Sunday 26 March 2017

Veteran Tugboat EVANS McKEIL (Revisited)

That darn fence!! It use to be so easy to snap boats along the Welland Canal but now from the concrete base for the old train bridge in Port Colborne that was dismantled many years ago, a tall chain-link fence complete with 3 strings of barb wire has been erected all the way to the stone dock below Lock 8 and then some anywhere else there wasn't one, all the way to Lock 1. No fun at all!!! In fact when I took these snaps of the EVANS McKEIL which was named after the company founder, I had to take them from behind another fence further back as the 110.5' tug remained tied off waiting to enter Lock 3 in St. Catharines last September. Fence or no fence, their was no stopping me from snapping this grand old workhorse.
Though currently looking like so many tugs that we see motoring along throughout the Great Lakes with an elevated wheelhouse, the nicely painted and well maintained McKeil Marine tug looked more like a common harbour tug for most of her 61 year career. Her name was ALHAJUELA when she was built in 1936 by the Panama Canal Company of Balboa, Panama, along with her sister, the ARRAIJAN (both named after cities in Panama). The riveted steel hulled ALHAJUELA was used for a variety of maintenance tasks while working for the Panama Canal Mechanical Division including assisting ships at Caribbean entrance to the canal while based at Cristobal Harbor. Tragedy struck the tug and crew in 1942 when while pushing a barge laden with aviation fuel, she collided with a U.S. Navy seaplane. Though I haven't been able to find out much about the crash, I can only image it had to be a horrific scene as several crew members were killed. Though damaged severely, the ALHAJUELA was rebuilt and continued to work on the Panama until she was purchased by Malcolm Marine of St. Clair, Michigan and brought up to the Great Lakes in the summer 1970.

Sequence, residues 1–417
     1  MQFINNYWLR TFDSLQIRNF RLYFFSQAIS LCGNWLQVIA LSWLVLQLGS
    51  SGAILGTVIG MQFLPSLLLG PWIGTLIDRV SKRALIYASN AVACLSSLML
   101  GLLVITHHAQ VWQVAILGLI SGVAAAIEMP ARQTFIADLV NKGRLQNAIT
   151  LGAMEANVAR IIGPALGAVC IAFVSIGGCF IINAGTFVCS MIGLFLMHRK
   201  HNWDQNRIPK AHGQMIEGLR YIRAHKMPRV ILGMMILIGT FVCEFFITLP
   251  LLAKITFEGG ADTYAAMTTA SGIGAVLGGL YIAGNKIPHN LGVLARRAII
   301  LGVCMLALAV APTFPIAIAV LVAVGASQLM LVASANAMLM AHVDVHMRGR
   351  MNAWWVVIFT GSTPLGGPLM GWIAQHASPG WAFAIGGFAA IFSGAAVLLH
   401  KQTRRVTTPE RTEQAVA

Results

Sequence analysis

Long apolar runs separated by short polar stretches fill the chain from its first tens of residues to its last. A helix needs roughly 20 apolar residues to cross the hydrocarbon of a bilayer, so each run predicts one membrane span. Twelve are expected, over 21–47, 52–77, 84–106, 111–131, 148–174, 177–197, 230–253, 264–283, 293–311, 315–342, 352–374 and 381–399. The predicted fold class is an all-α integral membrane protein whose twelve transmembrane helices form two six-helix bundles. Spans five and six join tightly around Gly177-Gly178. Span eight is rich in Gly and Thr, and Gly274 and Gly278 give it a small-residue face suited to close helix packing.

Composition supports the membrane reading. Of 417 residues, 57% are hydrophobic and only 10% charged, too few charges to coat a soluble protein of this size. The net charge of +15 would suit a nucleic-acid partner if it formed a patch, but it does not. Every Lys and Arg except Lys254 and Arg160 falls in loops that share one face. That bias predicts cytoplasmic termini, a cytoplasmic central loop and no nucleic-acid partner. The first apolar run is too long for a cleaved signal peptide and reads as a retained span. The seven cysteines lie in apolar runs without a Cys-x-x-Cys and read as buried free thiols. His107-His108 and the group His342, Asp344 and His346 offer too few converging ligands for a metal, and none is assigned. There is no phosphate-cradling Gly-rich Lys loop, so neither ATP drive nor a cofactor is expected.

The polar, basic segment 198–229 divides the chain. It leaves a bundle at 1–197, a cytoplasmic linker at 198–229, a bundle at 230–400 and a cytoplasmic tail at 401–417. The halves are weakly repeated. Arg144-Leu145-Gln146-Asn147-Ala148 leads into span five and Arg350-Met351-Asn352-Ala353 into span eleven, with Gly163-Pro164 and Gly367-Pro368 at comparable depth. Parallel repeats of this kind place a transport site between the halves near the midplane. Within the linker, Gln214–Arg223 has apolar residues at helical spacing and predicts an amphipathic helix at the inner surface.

Along with transporting the company barges needed for various marine construction, dredging and salvage operations, the newly named BARBARA ANN, (after the owner's wife), was used for towing and berthing huge lakers, and also icebreaking. For a boat that had worked so many years on the hot and humid climes of the Panama Canal zone, the BARBARA ANN performed extremely well when freeing the ore carriers MATHEW ANDREWS and HENRY FORD II from the lower Lake Huron ice on April 22, 1972 and six years later when she came to the aid of the Algoma self unloader ALGOWAY that had been stuck inside Goderich's break wall for 12 days in January 1979. That task continued for the BARBARA ANN throughout the 80's breaking up ice jams to prevent flooding along the St. Clair and the meandering Sydenham River near Wallaceburg. Quite often BARBARA ANN would teamed up with fleetmate tug, MALCOLM, like completing the scrap-tow of six lakers from Duluth to Quebec City for dismantling overseas during he summer of 1980 and for what had to be an engine failure or steering problem on the ALGOLAKE, the two tugs towed and sometimes hipped to the side of the 730' Algoma self unloader from Lake Superior to Nanticoke on Lake Erie to discharge her cargo and then to Port Colborne in late October 1983. When the GEORGE SLOAN (currently Lower Lakes Towing's MISSISSAGI) bottomed the St. Clair River at Port Huron in May 1988, the BARBARA ANN pushed her off and she was there to assist a month later when the Malcolm Marine crane barge RELIEF salvaged a fish tug sunk in lower Lake Huron. To read more about all various work activities complete the BARBARA ANN and other fleetmates, check this site  ( Though it appears the Malcolm Marine story hasn't been updated for some time, the site still has some wonderful background information about the family-owned company.